his bike in back of your car. Instead of spending 90
seconds to move it or telling your son to move it, you
decide to wait and deal with the problem tomorrow. Of
course, you forget and back over his bicycle:

Ninety seconds would have prevented: a half hour changing a tire (plus $40 for a new one) $95.95 for a new bicycle and 10 minutes of lecturing from your boss at work for being late.

Example E:
One afternoon you notice that the rope that secures your
dog to the tree is getting frayed. Just like human nature,
you figure you will replace the old rope with the new rope
from the garage in the next few days. Three days later your
dog breaks loose. Ninety seconds of replacing the rope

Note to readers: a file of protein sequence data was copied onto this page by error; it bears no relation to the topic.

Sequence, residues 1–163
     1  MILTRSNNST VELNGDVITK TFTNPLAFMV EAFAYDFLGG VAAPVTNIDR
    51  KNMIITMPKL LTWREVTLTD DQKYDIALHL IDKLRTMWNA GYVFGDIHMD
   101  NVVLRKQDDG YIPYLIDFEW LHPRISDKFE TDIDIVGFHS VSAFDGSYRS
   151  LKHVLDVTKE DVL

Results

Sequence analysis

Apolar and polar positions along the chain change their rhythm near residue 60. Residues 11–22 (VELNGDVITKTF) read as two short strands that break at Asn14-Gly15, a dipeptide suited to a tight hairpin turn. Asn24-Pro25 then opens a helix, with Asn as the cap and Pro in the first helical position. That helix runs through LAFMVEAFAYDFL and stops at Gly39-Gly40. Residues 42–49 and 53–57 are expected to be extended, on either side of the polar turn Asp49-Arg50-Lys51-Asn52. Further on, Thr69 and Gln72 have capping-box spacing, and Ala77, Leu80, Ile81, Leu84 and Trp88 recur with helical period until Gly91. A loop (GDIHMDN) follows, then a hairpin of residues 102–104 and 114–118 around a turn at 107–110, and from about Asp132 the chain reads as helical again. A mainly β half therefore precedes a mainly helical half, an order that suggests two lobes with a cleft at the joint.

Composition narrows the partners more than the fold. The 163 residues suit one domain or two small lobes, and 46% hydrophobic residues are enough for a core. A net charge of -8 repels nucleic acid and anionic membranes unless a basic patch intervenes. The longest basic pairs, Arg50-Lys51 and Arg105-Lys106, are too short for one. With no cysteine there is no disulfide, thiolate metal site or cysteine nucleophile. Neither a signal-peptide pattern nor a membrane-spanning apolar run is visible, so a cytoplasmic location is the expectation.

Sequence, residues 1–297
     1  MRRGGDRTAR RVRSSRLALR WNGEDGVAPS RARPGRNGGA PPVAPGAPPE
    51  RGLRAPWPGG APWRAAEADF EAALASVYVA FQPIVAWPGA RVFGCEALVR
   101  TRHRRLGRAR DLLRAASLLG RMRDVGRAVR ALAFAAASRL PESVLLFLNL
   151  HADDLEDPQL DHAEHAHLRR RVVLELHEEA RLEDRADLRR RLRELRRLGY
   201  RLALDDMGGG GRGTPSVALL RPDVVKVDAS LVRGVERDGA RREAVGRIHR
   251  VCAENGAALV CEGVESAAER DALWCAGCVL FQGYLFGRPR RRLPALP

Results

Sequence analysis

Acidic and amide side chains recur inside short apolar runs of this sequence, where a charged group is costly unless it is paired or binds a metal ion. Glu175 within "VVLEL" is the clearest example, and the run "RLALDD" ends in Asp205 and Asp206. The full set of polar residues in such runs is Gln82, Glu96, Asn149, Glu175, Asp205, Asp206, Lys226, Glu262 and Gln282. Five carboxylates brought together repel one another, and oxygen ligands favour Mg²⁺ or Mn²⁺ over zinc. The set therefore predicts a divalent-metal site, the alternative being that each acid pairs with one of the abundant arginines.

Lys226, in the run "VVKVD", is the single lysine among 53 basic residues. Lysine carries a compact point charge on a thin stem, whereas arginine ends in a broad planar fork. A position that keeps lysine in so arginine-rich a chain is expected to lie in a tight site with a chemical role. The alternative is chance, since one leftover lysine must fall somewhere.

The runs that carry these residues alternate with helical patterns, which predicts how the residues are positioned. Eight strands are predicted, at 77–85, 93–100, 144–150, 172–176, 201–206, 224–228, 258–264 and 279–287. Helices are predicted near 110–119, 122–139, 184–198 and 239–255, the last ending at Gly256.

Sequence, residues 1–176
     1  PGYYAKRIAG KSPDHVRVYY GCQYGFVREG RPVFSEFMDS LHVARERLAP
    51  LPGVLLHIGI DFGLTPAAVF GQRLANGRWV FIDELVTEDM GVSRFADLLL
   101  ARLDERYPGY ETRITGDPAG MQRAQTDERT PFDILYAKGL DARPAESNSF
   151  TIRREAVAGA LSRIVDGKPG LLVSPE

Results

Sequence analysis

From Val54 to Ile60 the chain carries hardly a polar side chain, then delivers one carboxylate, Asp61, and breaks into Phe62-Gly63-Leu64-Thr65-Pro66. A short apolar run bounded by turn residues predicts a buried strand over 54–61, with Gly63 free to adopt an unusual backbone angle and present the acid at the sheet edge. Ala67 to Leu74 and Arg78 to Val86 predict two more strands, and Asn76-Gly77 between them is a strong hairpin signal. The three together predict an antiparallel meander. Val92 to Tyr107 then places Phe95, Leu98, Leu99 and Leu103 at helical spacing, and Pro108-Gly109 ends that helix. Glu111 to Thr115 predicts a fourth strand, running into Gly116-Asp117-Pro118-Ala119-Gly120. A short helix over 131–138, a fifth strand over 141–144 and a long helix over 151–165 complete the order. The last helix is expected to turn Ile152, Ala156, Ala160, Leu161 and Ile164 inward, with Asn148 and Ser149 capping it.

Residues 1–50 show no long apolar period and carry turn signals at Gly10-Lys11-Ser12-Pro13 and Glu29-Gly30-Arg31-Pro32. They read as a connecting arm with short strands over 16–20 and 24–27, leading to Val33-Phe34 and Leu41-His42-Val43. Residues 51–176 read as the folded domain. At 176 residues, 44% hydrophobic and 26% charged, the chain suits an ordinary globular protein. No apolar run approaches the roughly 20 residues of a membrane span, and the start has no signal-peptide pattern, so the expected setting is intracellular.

would have prevented, 5 hours searching for the dog,
a $50 reward for having him returned, $13 spent on printing
flyers and undue stress.

Get the picture? Every day you will run into situations
where you can use the 'Power of 90 Seconds' to prevent
problems and reduce stress.

To make sure this is clear, let me throw out some specific
examples so you can start using the 'Power of 90 Seconds' today.

--Fill the car up with gas when the tank is only 1/4 full.
Never will you have to waste time and money standing by the side of the road.

--Replace burned out light bulbs, old tires, etc. now,
before someone trips down the steps in the dark, the car
skids on the road, etc.

--Think before you speak. Save embarrassment and a ruined reputation.

--File something away before it gets lost, or the papers
that need to be filed get out of hand.

--Don't put it down. Put it away. You'll avoid clutter from building up.

--Write down your appointments, and things-to-do in one,